Absence from work

Checking how your workplace deals with absence

Reasons for absence

Apart from annual holiday entitlement, an employee might need time off work for reasons including:

  • short-term and long-term sickness, including mental health conditions
  • helping a child, partner or relative
  • bereavement
  • medical appointments
  • pregnancy-related illnesses and appointments, including IVF
  • bad weather conditions, making travelling to work difficult or impossible 

Each workplace might have different rules on what they see as acceptable reasons for absence and what they will pay

For this reason, every workplace should have its own absence policy, so it’s important to check this.

What an absence policy should cover

An absence policy should make clear exactly what’s expected from both the employer and employee if the employee needs to take time off work.

An absence policy should include:

  • how to report absences, including who the employee should contact and when
  • when the employee needs to get a fit note
  • when return to work discussions will be held and with who
  • how and when to keep in touch
  • how the employer keeps track of absence and if they set any review or ‘trigger’ points
  • whether the employer provides occupational health or an employee assistance programme (EAP) and when this starts
  • how much the employee will be paid and for how long – see more on sick pay

If your workplace does not have an absence policy, the employee can ask their employer or HR manager what to do if they need time off work. The employer should follow best practice as outlined in this guide.

There are some areas that are covered by law, for example:

Taking time off to help someone else

By law, employees have the right to take a reasonable amount of time off work to help someone who depends on them (a ‘dependant’) in an unexpected event.

This right only applies to those classed as an ‘employee’ – it’s important to check your employment status and rights.

An employee’s dependants can include:

  • their spouse, partner or civil partner
  • their child
  • their parent
  • a person who lives in their household (not tenants, lodgers or employees)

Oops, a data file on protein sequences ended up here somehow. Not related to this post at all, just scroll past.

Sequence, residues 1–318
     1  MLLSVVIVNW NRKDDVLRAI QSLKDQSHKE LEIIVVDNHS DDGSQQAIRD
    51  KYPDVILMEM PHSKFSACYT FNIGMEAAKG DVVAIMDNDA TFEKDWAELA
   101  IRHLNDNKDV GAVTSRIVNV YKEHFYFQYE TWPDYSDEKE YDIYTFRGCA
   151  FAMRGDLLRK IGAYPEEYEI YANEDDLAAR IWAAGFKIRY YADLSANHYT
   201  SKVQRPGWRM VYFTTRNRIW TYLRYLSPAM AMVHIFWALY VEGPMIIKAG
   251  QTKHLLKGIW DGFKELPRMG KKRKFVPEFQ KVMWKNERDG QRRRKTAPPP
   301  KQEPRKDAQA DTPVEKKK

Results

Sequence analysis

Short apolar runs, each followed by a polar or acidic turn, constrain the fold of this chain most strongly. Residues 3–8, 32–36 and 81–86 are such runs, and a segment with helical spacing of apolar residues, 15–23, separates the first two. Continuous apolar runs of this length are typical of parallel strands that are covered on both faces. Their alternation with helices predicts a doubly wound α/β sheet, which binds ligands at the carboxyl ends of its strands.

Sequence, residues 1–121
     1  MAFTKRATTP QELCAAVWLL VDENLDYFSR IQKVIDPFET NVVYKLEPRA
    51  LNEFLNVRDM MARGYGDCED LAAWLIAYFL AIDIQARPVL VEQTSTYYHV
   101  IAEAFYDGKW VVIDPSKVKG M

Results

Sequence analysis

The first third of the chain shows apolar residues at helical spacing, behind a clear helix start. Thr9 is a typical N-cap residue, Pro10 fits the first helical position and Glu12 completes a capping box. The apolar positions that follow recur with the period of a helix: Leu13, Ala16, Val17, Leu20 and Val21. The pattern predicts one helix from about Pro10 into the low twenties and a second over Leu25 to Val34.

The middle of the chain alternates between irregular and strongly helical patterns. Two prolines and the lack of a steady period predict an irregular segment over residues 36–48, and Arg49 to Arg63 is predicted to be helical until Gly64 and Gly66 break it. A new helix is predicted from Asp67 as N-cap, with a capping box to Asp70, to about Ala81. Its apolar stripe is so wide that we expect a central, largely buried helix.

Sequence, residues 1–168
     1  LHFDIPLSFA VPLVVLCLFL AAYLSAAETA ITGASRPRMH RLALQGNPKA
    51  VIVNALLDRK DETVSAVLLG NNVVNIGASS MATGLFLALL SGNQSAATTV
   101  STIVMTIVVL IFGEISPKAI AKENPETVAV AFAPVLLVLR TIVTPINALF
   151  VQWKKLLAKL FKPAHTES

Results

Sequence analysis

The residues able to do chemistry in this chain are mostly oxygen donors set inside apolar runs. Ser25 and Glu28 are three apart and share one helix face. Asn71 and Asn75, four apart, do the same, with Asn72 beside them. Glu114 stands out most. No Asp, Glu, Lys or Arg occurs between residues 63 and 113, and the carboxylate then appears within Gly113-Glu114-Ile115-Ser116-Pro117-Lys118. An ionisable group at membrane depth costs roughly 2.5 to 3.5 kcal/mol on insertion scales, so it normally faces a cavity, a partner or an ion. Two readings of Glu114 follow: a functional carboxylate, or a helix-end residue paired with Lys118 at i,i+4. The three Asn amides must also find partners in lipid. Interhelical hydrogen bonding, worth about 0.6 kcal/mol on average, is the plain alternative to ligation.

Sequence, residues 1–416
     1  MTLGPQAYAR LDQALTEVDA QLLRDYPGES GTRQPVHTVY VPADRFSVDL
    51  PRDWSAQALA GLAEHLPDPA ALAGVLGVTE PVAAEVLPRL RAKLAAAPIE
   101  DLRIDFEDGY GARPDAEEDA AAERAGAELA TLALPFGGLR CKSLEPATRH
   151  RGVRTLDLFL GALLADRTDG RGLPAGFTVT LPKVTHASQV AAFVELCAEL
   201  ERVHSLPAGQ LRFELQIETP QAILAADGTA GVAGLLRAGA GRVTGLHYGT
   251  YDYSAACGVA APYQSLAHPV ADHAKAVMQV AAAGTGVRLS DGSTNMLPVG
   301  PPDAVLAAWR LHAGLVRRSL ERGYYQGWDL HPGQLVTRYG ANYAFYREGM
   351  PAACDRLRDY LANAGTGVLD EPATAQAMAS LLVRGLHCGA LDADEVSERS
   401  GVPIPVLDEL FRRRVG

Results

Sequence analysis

• a person who would rely on them for help in the event of an accident, illness or injury. For example, an elderly neighbour
  • a person who relies on them to make care arrangements

The employee can take time off if they need to:

  • help a dependant who is ill, been injured or assaulted, or gives birth
  • arrange care for a dependant who is ill or injured
  • deal with the death of a dependant
  • deal with an incident involving their child during school hours

There is no limit to the number of times or length of time that employees can take off for dependants, as long as it is reasonable for the circumstances.

Your workplace might offer employees more entitlements than these minimum statutory rights, so it’s a good idea to check.

How employees get paid for time off for dependants is down to the workplace policy, so it’s a good idea to check. In some cases it might be unpaid.

Difficulty getting to work due to bad weather or travel disruption

If an employee cannot get to work or is going to arrive late because of bad weather or transport problems, they should tell their employer as soon as possible.

There is no legal right for an employee to be paid for working time they’ve missed because of bad weather or travel disruption.

Some workplace policies might have different rules, so it’s a good idea to check.

Absence from work